Crawfish Boil 2015
We have been busy around here, hence the lag in Journal Posts. We have some catching up to do and we want to share what has been happening with us. We will start with a fun event we hosted in the spring.
A toast and a high five. A kiss to a baby’s forehead. Hugging an old friend, laughing with a new friend. This is the power that a new cabinet shop and the entire community of JAS can create. On May 29th the newly re-purposed cabinet shop was made into a JAS design-build community event for the 10th Annual Crawfish Boil.
(L to R: Dave Miller, Jake LaBarre, Ron Rochon, Joe Schneider) Kim Clements, one of our creative directors, greeted everyone at the door with her apron on and cooking tongs in hand. The crawfish tubs neatly lined the sidewalk and soon the entire shop was full of life.
Lemon meringue, hummingbird, cheesecake – the impressive assortment of homemade cakes relfected the impressive assortment of attendees. Old time JAS clients, buff construction workers, and peers in the industry all gathered around converted saw table tops. Everyone came together to share food, fun, and of course to soak up the wisdom from the special guest speaker – Andrew Freear.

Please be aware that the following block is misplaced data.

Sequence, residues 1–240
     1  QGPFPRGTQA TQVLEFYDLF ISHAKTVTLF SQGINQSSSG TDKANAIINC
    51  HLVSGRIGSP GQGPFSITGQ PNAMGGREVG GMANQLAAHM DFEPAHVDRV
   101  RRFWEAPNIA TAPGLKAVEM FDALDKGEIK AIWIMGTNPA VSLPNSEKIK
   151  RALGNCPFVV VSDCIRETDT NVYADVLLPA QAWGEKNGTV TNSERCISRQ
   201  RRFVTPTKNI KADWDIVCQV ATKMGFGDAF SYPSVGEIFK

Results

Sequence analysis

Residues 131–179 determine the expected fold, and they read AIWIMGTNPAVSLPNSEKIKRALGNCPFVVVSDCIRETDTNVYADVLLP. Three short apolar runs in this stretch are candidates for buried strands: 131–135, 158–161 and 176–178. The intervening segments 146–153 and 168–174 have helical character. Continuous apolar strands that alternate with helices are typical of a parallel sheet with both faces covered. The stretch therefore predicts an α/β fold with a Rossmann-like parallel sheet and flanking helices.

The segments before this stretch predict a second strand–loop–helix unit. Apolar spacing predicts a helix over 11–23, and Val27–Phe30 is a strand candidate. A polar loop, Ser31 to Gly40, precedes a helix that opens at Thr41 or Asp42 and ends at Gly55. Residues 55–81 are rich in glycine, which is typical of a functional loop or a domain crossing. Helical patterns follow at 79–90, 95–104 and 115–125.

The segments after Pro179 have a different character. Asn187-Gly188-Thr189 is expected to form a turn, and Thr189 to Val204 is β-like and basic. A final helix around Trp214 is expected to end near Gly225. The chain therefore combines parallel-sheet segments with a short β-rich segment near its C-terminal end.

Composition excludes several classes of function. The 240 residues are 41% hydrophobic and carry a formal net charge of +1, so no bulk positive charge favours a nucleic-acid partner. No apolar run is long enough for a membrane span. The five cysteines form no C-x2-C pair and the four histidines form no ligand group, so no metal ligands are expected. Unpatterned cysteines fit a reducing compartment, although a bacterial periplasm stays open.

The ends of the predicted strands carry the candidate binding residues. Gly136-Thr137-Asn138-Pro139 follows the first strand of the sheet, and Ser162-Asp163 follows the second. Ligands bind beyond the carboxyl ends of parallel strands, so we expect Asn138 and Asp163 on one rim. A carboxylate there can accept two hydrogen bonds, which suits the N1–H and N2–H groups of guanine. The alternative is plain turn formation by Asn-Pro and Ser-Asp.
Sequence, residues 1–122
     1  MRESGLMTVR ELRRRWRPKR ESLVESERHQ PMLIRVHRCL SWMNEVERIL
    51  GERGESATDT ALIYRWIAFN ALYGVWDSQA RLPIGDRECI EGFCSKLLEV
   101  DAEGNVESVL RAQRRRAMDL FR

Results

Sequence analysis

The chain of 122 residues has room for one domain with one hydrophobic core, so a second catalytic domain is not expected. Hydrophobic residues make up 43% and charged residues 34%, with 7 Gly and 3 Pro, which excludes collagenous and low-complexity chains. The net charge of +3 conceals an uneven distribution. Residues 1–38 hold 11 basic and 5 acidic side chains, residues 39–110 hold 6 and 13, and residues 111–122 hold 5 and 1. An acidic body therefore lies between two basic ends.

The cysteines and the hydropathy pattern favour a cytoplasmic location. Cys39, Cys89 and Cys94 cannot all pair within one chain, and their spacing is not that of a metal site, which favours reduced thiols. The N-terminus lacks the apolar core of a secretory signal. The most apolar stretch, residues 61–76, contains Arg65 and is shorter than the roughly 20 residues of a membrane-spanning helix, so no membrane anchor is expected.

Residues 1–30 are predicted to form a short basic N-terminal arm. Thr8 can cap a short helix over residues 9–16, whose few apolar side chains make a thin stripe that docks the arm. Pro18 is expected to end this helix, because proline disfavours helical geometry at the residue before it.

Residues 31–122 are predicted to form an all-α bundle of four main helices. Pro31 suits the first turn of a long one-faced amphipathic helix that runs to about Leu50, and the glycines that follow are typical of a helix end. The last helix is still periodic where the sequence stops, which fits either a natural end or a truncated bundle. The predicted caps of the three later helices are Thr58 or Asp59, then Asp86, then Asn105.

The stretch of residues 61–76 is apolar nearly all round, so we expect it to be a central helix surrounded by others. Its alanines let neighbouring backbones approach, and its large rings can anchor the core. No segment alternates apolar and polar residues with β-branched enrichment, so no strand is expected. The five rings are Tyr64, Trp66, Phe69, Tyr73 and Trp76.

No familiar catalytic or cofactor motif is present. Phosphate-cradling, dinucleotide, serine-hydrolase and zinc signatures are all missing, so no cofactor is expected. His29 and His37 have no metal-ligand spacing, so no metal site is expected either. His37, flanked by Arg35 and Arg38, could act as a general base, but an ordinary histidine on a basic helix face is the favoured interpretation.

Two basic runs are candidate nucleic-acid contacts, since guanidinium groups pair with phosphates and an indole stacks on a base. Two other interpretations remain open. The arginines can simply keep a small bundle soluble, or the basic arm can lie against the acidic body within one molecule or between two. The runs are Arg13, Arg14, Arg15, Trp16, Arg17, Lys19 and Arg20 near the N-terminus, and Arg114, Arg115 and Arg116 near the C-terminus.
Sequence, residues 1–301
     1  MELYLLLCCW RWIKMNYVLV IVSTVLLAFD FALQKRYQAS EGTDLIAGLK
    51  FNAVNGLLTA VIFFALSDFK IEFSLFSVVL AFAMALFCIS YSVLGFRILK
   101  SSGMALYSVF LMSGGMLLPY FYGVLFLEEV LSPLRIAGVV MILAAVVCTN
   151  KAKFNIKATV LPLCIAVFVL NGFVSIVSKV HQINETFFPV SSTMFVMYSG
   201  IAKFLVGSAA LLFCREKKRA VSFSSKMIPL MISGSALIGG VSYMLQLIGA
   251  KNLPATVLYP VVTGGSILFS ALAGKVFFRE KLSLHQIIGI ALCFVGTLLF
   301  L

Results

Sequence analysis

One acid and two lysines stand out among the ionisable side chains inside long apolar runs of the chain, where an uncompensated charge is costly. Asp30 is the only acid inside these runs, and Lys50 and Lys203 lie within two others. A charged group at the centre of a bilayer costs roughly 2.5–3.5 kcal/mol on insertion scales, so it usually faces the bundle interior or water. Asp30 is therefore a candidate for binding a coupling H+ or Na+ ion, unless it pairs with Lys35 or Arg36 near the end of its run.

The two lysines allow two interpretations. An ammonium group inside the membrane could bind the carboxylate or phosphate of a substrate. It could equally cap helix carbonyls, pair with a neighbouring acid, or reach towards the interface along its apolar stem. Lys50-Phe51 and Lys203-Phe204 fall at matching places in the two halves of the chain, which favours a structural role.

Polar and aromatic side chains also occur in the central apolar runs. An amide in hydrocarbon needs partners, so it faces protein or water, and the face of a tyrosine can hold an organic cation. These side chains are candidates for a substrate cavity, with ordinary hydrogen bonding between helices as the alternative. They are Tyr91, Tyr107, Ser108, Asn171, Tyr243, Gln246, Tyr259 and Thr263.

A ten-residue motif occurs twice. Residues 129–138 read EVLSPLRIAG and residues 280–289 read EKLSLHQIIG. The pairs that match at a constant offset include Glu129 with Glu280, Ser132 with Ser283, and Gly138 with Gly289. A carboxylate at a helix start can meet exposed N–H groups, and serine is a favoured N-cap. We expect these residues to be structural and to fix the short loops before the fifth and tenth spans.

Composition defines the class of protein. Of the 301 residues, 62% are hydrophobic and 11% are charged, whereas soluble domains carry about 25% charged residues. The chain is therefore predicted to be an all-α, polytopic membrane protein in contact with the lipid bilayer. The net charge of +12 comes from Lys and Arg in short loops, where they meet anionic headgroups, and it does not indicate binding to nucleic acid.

With the lights dimmed Andrew began his presentation. His first image displayed a rustic red barn, flanked by a small mercantile and an even smaller post office, in an impoverished town of less than 300 people called Newbern, Alabama; perhaps the last place you would expect to find a world-class school of architecture. This is the home of the Auburn University Rural Studio – a design-build thesis program where Andrew Freear has been a director for the past fourteen years. As both a designer and a teacher, Andrew takes his work seriously without taking himself too seriously; a quality that is as refreshing as it is rare for people in such high positions.
It is here, in the Auburn University Rural Studio, that his students design and build homes and community buildings for clients who could not otherwise afford them. His students’ projects explore the potential of re-purposed and local materials; including a chapel made of tires, a house made of carpet tiles, and a playground made of shipping barrels. (See February 10th, 2014 Journal post for more). Andrew’s thorough and passionate presentation of the work was an inspiration, and even though these projects take place across the country, their can-do design-build spirit is something that feels very close to home to everyone here at JAS In October of this year a group of JAS’ers are going down to Alabama to help build a Rural Studio $20K house. We promise to write a Journal Post on this exciting project once it is complete.
With hearts full of awe and stomachs full of crawdads, the lines between architect, project manager, designer, and carpenter soon blurred. This culture of community makes JAS a place that cherishes old friends, welcomes new guests, and can’t say no to a slice of cake.